Facts about justification are not brute facts. They are epistemic facts that depend upon more fundamental non-epistemic facts. Internalists about justification often argue for mentalism, which claims that facts about justification supervene upon one’s non-factive mental states, using Lehrer and Cohen’s :191–207, 1983) New Evil Demon Problem. The New Evil Demon Problem tells you to imagine yourself the victim of a Cartesian demon who deceives you about what the external world is like, and then asks whether you nevertheless have justification (...)
    Download  
     
    Export citation  
     
    Bookmark   1 citation  
  • The Representational Theory of Consciousness.David Bourget - 2010 - Dissertation, Australian National University
    A satisfactory solution to the problem of consciousness would take the form of a simple yet fully general model that specifies the precise conditions under which any given state of consciousness occurs. Science has uncovered numerous correlations between consciousness and neural activity, but it has not yet come anywhere close to this. We are still looking for the Newtonian laws of consciousness. -/- One of the main difficulties with consciousness is that we lack a language in which to formulate illuminating (...)
    Download  
     
    Export citation  
     
    Bookmark   8 citations  
  • We Are Not Alone: Perception and The Others.Andrea Bucci - 2018 - Brainfactor:1-14.
    In this paper, I have outlined an original Metaphysics of Perception which takes into consideration some of the most common views about perception in the contemporary debate. Then I will look at the consequences of this metaphysics about our perception of others and what we know about them. In the third section, I suggest how to make sense of certain neuroscientific discoveries about social perception and social cognition. In the conclusion, I recap what has been done to say that others (...)
    Download  
     
    Export citation  
     
    Bookmark   2 citations  
  • Dysjunktywizm i natura percepcyjnej relacji.Paweł Zięba - 2016 - Analiza I Egzystencja 35:87-111.
    This paper surveys selected (though arguably representative) versions of metaphysical and epistemological disjunctivism. Although they share a common logical structure, it is hard to find a further common denominator among them. Two main conclusions are: (1) a specific standpoint on the nature of perceptual relation is not such a common denominator, which means that it is very unlikely that all of these views could be refuted with a single objection; (2) contrary to what its name suggests, disjunctivism can be correctly (...)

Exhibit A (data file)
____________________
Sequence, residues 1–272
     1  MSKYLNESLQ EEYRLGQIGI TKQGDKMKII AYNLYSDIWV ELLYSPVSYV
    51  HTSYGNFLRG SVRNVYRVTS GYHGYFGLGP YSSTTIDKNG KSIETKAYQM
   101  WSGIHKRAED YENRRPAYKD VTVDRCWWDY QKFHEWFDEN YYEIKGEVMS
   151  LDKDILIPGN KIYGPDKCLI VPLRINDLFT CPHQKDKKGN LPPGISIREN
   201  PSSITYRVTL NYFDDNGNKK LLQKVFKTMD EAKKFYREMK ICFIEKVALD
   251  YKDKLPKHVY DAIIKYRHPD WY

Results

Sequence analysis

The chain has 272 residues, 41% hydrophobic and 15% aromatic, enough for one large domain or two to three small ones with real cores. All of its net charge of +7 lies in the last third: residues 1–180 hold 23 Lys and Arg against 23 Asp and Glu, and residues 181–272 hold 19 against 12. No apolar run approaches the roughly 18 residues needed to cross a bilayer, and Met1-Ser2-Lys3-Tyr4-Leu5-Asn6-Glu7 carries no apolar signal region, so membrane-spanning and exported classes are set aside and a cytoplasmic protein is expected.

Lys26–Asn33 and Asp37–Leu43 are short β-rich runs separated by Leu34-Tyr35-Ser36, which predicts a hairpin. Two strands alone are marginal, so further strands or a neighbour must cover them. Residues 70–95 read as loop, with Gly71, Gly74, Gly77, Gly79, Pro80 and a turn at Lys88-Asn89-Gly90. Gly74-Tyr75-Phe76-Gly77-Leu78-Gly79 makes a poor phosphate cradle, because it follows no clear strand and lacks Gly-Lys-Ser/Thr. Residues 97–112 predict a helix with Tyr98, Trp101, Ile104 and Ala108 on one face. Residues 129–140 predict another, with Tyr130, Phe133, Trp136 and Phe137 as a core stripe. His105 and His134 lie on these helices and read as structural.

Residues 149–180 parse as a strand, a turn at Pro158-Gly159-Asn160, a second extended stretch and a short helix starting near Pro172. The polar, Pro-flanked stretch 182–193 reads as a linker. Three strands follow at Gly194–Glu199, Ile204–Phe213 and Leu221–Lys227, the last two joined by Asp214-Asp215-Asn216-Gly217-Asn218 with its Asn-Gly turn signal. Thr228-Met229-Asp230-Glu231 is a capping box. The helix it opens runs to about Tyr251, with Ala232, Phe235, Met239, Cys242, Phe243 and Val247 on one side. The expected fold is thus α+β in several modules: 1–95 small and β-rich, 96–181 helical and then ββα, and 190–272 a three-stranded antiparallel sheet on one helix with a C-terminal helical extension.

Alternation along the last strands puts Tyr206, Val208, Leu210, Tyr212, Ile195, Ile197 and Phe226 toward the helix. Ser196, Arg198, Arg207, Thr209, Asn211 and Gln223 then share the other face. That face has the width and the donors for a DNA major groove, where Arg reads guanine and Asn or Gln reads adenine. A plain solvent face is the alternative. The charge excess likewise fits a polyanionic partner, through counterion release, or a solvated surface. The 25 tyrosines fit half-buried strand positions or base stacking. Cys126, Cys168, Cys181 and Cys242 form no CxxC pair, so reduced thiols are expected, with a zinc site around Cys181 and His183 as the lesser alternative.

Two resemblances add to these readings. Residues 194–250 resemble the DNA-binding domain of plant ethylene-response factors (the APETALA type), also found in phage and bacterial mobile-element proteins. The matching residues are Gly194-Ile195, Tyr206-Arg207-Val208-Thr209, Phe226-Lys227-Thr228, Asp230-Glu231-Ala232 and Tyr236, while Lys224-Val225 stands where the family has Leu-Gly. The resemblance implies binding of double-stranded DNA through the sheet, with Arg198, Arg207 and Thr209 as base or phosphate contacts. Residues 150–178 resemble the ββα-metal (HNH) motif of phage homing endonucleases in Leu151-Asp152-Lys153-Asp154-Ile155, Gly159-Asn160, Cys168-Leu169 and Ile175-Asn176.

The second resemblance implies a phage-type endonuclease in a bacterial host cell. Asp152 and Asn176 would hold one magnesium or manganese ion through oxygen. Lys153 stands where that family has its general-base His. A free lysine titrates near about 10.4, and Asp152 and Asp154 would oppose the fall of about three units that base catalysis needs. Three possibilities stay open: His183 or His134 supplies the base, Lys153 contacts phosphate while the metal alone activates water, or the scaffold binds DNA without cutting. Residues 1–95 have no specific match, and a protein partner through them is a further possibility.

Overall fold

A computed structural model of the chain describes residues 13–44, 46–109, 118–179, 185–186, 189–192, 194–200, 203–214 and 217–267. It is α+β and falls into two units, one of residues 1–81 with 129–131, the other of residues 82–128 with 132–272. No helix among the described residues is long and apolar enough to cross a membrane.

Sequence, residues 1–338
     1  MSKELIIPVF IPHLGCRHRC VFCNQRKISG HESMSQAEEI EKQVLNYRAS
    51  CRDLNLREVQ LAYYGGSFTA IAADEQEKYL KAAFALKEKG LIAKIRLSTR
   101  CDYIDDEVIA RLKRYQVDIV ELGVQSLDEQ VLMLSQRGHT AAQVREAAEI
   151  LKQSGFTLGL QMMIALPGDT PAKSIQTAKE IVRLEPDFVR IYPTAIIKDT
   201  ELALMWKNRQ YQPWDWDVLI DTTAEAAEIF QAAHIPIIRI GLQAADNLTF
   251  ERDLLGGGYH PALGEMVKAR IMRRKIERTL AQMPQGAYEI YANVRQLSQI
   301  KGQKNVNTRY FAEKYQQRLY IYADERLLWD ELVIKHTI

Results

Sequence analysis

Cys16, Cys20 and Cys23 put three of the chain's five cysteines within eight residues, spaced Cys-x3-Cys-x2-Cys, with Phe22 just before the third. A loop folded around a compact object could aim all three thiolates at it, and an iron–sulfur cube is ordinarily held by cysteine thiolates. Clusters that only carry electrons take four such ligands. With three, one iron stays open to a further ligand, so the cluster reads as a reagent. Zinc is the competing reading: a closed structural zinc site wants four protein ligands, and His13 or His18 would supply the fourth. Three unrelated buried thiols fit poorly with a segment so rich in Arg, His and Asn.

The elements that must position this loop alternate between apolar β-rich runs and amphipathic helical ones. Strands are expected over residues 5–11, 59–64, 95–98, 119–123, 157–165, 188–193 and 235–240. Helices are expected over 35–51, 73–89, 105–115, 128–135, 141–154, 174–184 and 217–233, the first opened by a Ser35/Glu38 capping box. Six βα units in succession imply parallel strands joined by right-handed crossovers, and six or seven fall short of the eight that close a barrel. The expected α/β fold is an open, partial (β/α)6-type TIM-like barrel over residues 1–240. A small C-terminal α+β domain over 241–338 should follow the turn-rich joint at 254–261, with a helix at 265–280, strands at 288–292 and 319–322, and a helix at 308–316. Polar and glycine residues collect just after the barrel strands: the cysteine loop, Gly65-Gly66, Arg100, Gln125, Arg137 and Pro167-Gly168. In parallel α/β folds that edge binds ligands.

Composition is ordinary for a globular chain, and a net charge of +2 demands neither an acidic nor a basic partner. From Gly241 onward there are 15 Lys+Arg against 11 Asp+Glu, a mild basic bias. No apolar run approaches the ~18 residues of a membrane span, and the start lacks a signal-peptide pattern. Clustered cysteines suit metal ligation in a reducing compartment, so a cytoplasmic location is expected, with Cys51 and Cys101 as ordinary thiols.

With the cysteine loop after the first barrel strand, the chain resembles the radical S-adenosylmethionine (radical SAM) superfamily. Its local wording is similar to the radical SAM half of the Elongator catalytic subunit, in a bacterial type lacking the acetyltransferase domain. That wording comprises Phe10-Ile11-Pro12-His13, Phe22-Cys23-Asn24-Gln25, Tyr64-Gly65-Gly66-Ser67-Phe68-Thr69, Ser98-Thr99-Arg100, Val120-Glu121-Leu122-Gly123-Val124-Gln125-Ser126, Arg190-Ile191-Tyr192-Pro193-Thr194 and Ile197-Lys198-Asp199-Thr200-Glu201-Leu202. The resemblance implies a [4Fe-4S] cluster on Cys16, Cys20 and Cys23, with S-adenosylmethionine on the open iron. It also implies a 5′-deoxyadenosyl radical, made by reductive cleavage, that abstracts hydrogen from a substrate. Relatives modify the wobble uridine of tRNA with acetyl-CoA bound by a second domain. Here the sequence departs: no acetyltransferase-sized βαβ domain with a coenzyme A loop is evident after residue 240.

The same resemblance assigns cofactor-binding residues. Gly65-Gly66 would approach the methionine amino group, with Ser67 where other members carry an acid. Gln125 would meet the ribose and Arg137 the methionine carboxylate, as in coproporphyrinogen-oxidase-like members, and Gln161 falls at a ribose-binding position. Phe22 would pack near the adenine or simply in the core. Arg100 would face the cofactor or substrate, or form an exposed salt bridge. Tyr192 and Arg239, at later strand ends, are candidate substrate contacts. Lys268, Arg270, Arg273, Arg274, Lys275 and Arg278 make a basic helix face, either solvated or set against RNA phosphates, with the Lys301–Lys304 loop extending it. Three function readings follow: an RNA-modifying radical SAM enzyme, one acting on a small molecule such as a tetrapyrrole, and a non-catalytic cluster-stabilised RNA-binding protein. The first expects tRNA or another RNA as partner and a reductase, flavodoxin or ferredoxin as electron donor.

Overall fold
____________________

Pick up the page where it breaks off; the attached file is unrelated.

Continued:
Download  
    Translate
     
     
    Export citation  
     
    Bookmark  
  • The Internal and External Components of Cognition.Ralph Wedgwood - 2006 - In Robert J. Stainton (ed.), Contemporary Debates in Cognitive Science. Malden MA: Blackwell. pp. 307-325.
    Timothy Williamson has presented several arguments that seek to cast doubt on the idea that cognition can be factorized into internal and external components. In the first section of this paper, I attempt to evaluate these arguments. My conclusion will be that these arguments establish several highly important points, but in the end these arguments fail to cast any doubt either on the idea that cognitive science should be largely concerned with internal mental processes, or on the idea that cognition (...)
    Download  
     
    Export citation  
     
    Bookmark   4 citations  
  • Perception and Its Modalities.Dustin Stokes, Mohan Matthen & Stephen Biggs (eds.) - 2014 - Oxford University Press.
    This volume is about the many ways we perceive. Contributors explore the nature of the individual senses, how and what they tell us about the world, and how they interrelate. They consider how the senses extract perceptual content from receptoral information. They consider what kinds of objects we perceive and whether multiple senses ever perceive a single event. They consider how many senses we have, what makes one sense distinct from another, and whether and why distinguishing senses may be useful. (...)
    Download  
     
    Export citation  
     
    Bookmark   2 citations  
  • A Neglected Account of Perception.Tom Stoneham - 2008 - Dialectica 62 (3):307-322.
    I aim to draw the reader's attention to an easily overlooked account of perception, namely that there are no perceptual experiences, that to perceive something is to stand in an external, purely non-Leibnizian relation to it. I introduce the Purely Relational account of perception by discussing a case of it being overlooked in the writings of G.E. Moore, though we also find the same move in J. Cook Wilson, so it has nothing to do with an affection for sense-data. I (...)
    Download  
     
    Export citation  
     
    Bookmark   3 citations  
  • The Agential Profile of Perceptual Experience.Thomas Crowther - 2010 - Proceedings of the Aristotelian Society 110 (2pt2):219-242.
    Reflection on cases involving the occurrence of various types of perceptual activity suggests that the phenomenal character of perceptual experience can be partly determined by agential factors. I discuss the significance of these kinds of case for the dispute about phenomenal character that is at the core of recent philosophy of perception. I then go on to sketch an account of how active and passive elements of phenomenal character are related to one another in activities like watching and looking at (...)
    Download  
     
    Export citation  
     
    Bookmark   6 citations  
  • The Policy-Based Approach to Identification.Christian Miller - 2007 - Philosophical Psychology 20 (1):105 – 125.